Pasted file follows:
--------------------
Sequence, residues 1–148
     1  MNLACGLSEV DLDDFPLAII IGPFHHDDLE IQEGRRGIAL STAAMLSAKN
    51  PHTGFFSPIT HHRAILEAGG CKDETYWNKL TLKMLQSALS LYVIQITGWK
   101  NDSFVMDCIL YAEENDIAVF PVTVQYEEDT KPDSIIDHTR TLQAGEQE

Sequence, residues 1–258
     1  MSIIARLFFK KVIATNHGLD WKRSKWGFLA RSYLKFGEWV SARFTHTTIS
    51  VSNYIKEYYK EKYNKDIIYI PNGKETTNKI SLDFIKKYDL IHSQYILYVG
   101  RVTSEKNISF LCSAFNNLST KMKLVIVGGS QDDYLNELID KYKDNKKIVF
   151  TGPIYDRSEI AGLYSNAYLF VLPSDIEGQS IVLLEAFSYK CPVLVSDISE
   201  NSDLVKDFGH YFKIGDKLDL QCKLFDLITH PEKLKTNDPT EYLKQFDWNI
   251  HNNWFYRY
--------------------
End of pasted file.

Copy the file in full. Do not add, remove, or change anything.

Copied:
Sequence, residues 1–148
     1  MNLACGLSEV DLDDFPLAII IGPFHHDDLE IQEGRRGIAL STAAMLSAKN
    51  PHTGFFSPIT HHRAILEAGG CKDETYWNKL TLKMLQSALS LYVIQITGWK
   101  NDSFVMDCIL YAEENDIAVF PVTVQYEEDT KPDSIIDHTR TLQAGEQE

Sequence, residues 1–258
     1  MSIIARLFFK KVIATNHGLD WKRSKWGFLA RSYLKFGEWV SARFTHTTIS
    51  VSNYIKEYYK EKYNKDIIYI PNGKETTNKI SLDFIKKYDL IHSQYILYVG
   101  RVTSEKNISF LCSAFNNLST KMKLVIVGGS QDDYLNELID KYKDNKKIVF
   151  TGPIYDRSEI AGLYSNAYLF VLPSDIEGQS IVLLEAFSYK CPVLVSDISE
   201  NSDLVKDFGH YFKIGDKLDL QCKLFDLITH PEKLKTNDPT EYLKQFDWNI
   251  HNNWFYRY